Machinists, Bombardier Learjet Strike Ends: Christopher Brown of Bloomberg BNA ($) reports that members of the International Association of Machinists Local 639 approved a new five-year collective bargaining agreement with Bombardier Learjet. The Machinists had been on strike since October 8, with the major sticking point being health insurance. Under the new contract:
the employee share of health insurance premiums was reduced to 20 percent from 30 percent, with an additional 5 percent savings available to workers who participate in a company wellness program, the statement said. With those changes, workers with single coverage will receive an annual savings of $700 compared with the pre-strike offer, and employees with family coverage will receive $2,300 in annual savings, it said.
As for the economic package, the deal provides for 1 percent wage increases in years two through five, and two lump-sum payments, $2,500 at the beginning of year one, and $1,000 at the beginning of year two. The rejected contract proposal would have provided for a $1,500 payment in year one, $1,000 in year two, and $500 in year three.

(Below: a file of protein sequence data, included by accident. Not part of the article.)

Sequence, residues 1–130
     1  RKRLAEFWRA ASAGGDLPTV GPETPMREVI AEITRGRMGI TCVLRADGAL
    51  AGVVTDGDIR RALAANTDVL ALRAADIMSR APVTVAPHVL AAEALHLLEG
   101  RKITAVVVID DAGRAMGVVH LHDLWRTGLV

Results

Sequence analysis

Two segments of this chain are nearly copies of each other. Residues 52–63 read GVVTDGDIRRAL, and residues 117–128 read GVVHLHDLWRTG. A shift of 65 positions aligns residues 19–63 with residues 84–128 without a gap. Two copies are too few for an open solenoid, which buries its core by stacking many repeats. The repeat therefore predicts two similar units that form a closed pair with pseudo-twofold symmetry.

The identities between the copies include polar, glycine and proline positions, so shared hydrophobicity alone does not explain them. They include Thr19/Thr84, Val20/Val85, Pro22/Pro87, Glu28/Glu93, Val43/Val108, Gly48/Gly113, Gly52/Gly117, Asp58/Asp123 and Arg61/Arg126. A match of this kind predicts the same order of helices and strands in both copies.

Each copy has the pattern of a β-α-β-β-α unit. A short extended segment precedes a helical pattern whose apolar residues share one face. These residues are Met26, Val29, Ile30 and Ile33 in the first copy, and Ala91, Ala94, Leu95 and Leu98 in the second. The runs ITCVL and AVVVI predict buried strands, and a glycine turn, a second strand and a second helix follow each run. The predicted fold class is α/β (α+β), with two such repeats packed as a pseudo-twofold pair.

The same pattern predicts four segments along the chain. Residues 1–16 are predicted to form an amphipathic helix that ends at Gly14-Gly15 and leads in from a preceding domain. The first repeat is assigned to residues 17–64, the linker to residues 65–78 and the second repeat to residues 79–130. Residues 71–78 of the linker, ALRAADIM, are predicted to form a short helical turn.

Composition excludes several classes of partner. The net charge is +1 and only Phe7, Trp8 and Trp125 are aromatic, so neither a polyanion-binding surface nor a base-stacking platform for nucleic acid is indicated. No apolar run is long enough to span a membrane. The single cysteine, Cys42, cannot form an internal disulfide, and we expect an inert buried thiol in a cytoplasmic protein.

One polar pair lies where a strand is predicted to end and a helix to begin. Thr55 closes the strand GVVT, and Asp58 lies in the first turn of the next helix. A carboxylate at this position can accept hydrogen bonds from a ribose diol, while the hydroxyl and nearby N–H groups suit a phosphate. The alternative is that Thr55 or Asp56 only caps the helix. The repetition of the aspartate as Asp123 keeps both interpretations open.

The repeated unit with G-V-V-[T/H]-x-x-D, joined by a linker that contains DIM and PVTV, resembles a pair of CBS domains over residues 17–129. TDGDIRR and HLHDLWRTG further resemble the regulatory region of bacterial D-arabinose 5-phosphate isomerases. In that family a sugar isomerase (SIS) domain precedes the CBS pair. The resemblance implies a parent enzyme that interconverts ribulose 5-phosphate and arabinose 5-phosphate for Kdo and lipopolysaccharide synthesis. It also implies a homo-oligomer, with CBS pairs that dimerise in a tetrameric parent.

NLRB Issues Complaint Against Hyatt Regency: Jamie Smith Hopkins of The Baltimore Sun writes that the National Labor Relations Board issued a complaint against the Hyatt Regency Baltimore alleging that the hotel unlawfully interrogated employees about their union activities and invoked harsh discipline when employees as part of an anti union campaign. Unite Here is attempting to organize the employees.
Unite Here said hotel managers disciplined workers for arriving as little as a minute late. Jones, who worked at the Hyatt for 10 years, said the hotel didn't enforce its attendance policy until after he and other employees began trying to unionize. The Baltimore man said he was written up after traffic delayed him, though he said he called his manager from the road to warn him.
Smith-Howard said the hotel isn't trying to deter workers from unionizing but wants a secret-ballot election. That's a fair and democratic way for workers to decide, she said, arguing that Unite Here is making "false accusations" because it doesn't want such a vote. The alternative is for workers to sign an authorization card if they are in favor of unionizing.
Workers to Vote in Decertification Election: Jenny Wagner of timesonline.com reports that approximately 50 workers of Almatis Inc. will have the opportunity to vote to decertify their bargaining unit, which is represented by the United Steelworkers of America Local 1211. The election will take place just two months after the employees voted last month to accept a new four-year contract with the employer to avoid a strike. While the USW calls the new contract a success, some employees are claiming that they will make less money than they did before.